Triple Threat
Covering LA Sports' Big Three: Lakers, Dodgers and Kings

Lakers Nash Return Unlocks Winning Combination

Steve Nash and Kobe Bryant may get the spotlight for Saturday's win against Golden State, but the strength and belief of the team won that game.

Email
|
Print

    NEWSLETTERS

    Getty Images
    Kobe Bryant #24 points to the sky and Dwight Howard #12 of the Los Angeles Lakers smiles as they come back to beat the Golden State Warriors in Steve Nash's return to to team at Oracle Arena on December 22, 2012 in Oakland, California.

    A couple days later, the Los Angeles Lakers’ win over the Golden State Warriors is something still worth being excited about.

    After three quarters, the Lakers were down by 13 on the road to a team that had won 11 of the last 14 games. Kobe Bryant led all scorers with 21 points, but the leading scorer in the NBA had already taken 29 shots and made only 10. Bryant was frustrated with a lack of calls -- the player with the fourth-most free throw attempts in the NBA did not earn a single free throw on the night.

    He did shoot one technical foul but that hardly counts.

    Then, the fourth quarter came around, and something significant happened. The Lakers refused to lose.

    Kobe Bryant Can't Win (in the Eyes of Some Fans)

    [LA] Kobe Bryant Can't Win (in the Eyes of Some Fans)
    If Kobe scores 30 points in a game, he's shooting too much; if he nets a mere 15 points, he's not scoring enough. Fred Roggin explains why Kobe just can't satisfy everyone, and why it doesn't matter. This video was recorded on Dec. 20, 2012.

    Dwight Howard had collected four fouls and only played a little more than 12 minutes in the first three quarters. Howard played all 12 minutes of the fourth, and he was the defensive anchor the Lakers needed to get back into the game. Golden State only scored 21 points in the final period, and the Lakers finally achieved offensive balance.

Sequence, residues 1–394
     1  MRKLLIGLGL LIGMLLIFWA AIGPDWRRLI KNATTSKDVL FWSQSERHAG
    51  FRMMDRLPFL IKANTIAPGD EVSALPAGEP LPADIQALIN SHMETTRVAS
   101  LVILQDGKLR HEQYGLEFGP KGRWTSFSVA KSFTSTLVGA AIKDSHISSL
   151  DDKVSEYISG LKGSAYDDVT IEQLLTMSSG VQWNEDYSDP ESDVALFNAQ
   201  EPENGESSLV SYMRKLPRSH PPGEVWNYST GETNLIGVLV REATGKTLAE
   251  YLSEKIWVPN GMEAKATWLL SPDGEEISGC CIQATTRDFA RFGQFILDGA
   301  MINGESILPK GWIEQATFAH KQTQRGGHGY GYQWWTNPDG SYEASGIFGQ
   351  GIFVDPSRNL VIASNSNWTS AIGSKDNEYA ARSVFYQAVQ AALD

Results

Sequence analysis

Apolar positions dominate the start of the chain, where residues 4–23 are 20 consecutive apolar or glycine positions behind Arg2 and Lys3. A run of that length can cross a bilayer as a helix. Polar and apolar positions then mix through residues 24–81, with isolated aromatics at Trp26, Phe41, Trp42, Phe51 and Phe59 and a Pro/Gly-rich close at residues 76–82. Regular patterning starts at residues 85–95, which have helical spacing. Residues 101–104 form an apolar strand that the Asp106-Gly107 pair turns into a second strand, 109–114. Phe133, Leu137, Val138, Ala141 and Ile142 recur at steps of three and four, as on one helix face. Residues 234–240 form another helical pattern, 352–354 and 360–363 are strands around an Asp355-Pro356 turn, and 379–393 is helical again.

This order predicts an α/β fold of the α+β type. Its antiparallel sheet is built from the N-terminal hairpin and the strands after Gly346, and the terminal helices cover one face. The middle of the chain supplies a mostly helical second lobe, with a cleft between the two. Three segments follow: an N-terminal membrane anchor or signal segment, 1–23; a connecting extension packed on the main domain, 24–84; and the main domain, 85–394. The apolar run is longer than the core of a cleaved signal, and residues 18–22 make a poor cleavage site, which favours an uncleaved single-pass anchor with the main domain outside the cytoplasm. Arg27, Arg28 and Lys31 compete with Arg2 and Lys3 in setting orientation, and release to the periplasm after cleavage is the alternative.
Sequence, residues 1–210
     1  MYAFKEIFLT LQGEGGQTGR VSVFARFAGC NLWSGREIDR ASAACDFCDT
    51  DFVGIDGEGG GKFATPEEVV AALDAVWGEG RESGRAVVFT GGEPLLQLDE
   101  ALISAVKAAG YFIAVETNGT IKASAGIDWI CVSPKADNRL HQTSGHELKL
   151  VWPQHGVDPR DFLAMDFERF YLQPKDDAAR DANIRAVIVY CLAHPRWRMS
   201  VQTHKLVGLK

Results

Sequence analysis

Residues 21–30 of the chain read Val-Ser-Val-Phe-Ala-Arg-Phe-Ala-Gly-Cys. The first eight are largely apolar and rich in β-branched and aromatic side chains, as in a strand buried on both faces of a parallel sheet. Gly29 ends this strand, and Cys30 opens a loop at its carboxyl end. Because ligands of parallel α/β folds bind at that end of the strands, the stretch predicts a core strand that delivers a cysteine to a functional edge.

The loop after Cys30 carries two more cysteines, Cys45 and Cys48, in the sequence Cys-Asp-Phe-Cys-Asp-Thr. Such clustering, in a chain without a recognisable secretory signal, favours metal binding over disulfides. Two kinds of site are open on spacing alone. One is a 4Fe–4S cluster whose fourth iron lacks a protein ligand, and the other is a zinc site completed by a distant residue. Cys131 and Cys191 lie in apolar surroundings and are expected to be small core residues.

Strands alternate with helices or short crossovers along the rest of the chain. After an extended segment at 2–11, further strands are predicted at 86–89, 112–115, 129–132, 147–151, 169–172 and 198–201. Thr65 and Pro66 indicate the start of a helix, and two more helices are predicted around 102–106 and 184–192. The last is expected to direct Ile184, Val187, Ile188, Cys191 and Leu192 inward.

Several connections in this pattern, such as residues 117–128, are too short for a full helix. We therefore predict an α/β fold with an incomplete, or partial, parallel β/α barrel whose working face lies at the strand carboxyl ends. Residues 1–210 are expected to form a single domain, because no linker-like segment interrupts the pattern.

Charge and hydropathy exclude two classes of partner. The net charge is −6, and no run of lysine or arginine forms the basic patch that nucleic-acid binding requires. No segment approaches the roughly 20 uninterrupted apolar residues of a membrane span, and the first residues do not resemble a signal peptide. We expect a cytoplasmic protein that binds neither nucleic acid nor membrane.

Howard scored six points in the period. Three other Lakers scored seven points in the fourth quarter, and Nash was not one of them. Kobe still could not buy a whistle, but he did eventually find his shooting touch. That fourth quarter exemplified why Kobe never stops shooting: eventually, he gets hot when it matters.

    Pau Gasol also contributed. He may not have taken a single shot down the stretch, but he led the team with three assists in the comeback quarter. Nash only had one assist, but his only bucket down the stretch was a massive three pointer to put the Lakers up briefly.

    Then, the overtime period arrived, and this special team of superstars proved themselves. Nash, Bryant, Howard, Gasol, and Metta World Peace played the entire overtime period, save for the final nine seconds when Howard fouled out and Darius Morris stepped in to guard the three point line.

    Kobe may have shot 16 of 41 on the night, but he was six of his 12 in the fourth quarter and overtime—winning time. Nash only had 12 points in the game, but his final two points put the Lakers up by three late in overtime and devastated the Warriors.

    For all the heroics of Nash and Bryant, World Peace put in possibly the best all-around performance on the night. Putting up 20 points off the bench, World Peace personified the motto “It does not matter who starts the game; it matters who finishes it.” World Peace played 38 minutes, including all five minutes of overtime. 

    Prior to Tuesday, the Lakers squeezing into the eighth, seventh, or sixth seed by the end of the season seemed to be the consensus with most experts. Pundits would repeatedly utter that the Lakers would not want to play San Antonio, Oklahoma City, Memphis, or the Clippers in the first round. 

    After Saturday, this team flipped the script. No team wants to play these Los Angeles Lakers in the playoffs.